A poll from the Associated Press-NORC Center for Public Affairs Research says 62 percent of people think it is the federal government’s responsibility to ensure that all Americans have health care coverage, while 37 percent say it’s not.

Sen. Rand Paul, Kentucky Republican and pivotal holdout, said the replacement plan maintains too big of a federal role. He said if leaders promise to put a “clean repeal” vote on equal footing with other ideas, he would likely vote to proceed onto the bill and amendment process.

“I think the major proposals could be put at the very front. We debate them on the first day,” Mr. Paul said.

He said Senate leaders could draw lots to set the order of votes on the 2015 repeal, the replacement plan and other leading ideas, such as a bill by Sens. Susan M. Collins of Maine and Bill Cassidy of Louisiana that would let states decide whether to keep Obamacare or opt into a more conservative model.

The chaotic push toward a resolution follows a topsy-turvy week. Four Senate Republicans opposed proceeding with a replacement bill late Monday, and a trio objected Tuesday to taking up Mr. McConnell’s Plan B — the straight repeal measure from 2015. On Wednesday, Mr. Trump urged Senate Republicans to revive their replacement bill during a face-to-face lecture at the White House.

The revised replacement plan includes $70 billion more to help fund state health care reforms and another $45 billion to aid the opioid crisis, yet would save $420 billion over the coming decade.

CBO analysts said premiums would rise at first under the bill as written, mainly because the mandate requiring healthy people to join the market would be scrapped, though rates would be 25 percent lower than under Obamacare for popular “benchmark” plans by 2026 — in part because policies would be skimpier.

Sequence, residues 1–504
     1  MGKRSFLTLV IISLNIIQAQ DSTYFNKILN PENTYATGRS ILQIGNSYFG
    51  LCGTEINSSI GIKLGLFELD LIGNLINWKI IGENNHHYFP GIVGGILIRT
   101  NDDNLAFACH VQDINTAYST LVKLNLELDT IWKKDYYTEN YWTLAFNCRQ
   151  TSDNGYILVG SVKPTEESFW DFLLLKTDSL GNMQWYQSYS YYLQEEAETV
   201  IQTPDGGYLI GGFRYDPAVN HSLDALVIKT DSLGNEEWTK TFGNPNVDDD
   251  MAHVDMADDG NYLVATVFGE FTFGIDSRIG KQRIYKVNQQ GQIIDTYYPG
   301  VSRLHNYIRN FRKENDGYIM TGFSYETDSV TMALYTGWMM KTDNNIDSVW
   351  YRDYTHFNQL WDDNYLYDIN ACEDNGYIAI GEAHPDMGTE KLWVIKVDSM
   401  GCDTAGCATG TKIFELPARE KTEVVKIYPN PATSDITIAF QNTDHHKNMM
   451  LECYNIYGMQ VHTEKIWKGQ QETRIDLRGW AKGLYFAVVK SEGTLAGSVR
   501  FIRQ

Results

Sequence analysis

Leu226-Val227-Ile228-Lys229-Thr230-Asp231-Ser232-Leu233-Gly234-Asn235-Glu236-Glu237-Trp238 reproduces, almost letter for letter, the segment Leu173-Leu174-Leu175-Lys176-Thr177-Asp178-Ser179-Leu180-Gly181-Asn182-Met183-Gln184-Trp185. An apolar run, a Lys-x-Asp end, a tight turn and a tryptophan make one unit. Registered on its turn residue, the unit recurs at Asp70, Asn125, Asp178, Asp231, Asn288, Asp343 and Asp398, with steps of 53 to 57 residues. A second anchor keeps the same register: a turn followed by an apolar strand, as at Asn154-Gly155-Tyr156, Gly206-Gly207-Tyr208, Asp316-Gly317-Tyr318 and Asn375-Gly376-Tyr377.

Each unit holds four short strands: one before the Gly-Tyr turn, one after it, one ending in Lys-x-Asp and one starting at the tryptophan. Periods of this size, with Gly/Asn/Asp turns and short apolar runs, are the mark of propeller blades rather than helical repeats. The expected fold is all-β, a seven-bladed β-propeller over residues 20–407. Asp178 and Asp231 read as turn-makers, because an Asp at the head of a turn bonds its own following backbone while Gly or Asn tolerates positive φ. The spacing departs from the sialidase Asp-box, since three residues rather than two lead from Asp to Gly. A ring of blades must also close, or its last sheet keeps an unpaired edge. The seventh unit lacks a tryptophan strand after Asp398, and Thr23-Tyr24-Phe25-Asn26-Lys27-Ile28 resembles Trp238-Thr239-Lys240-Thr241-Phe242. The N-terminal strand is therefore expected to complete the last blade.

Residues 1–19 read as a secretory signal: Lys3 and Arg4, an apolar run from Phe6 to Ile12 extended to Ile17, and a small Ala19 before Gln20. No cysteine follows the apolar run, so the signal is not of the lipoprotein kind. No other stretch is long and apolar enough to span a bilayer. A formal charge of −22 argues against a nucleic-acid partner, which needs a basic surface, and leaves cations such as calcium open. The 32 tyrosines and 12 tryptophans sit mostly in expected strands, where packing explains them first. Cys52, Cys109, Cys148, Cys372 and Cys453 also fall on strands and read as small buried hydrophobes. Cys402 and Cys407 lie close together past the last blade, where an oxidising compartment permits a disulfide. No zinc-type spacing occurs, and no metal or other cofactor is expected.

The CBO score released Thursday did not include an amendment that Sen. Ted Cruz, Texas Republican, proposed to let insurers sell plans that don’t comply with Obamacare’s coverage regulations, so healthier consumers could pay much less for skinnier coverage. The Health and Human Services Department released a report Wednesday that said the amendment would have positive effects, though relying on that report instead of a CBO score would be an unusual break from tradition.

Meanwhile, some moderate Republicans are still worried about deep cuts to the Medicaid program, saying they will burden their states’ budgets or leave constituents out in the cold.

Republicans are holding private meetings in efforts to make progress.

One new idea involves using funds from two Obamacare taxes on high earners to bolster states that expanded Medicaid insurance for the poor under Mr. Obama. The Republican plan would gradually phase out federal funding for the expansion through the middle of the next decade, unnerving some moderates.

An influx of funding could mollify some of them, but conservatives say they should be focused on policy changes instead.

“I’m concerned we’re throwing money at the problem,” said Sen. Ron Johnson, Wisconsin Republican. “That’s not what I want to see.”

Sally Persons contributed to this report.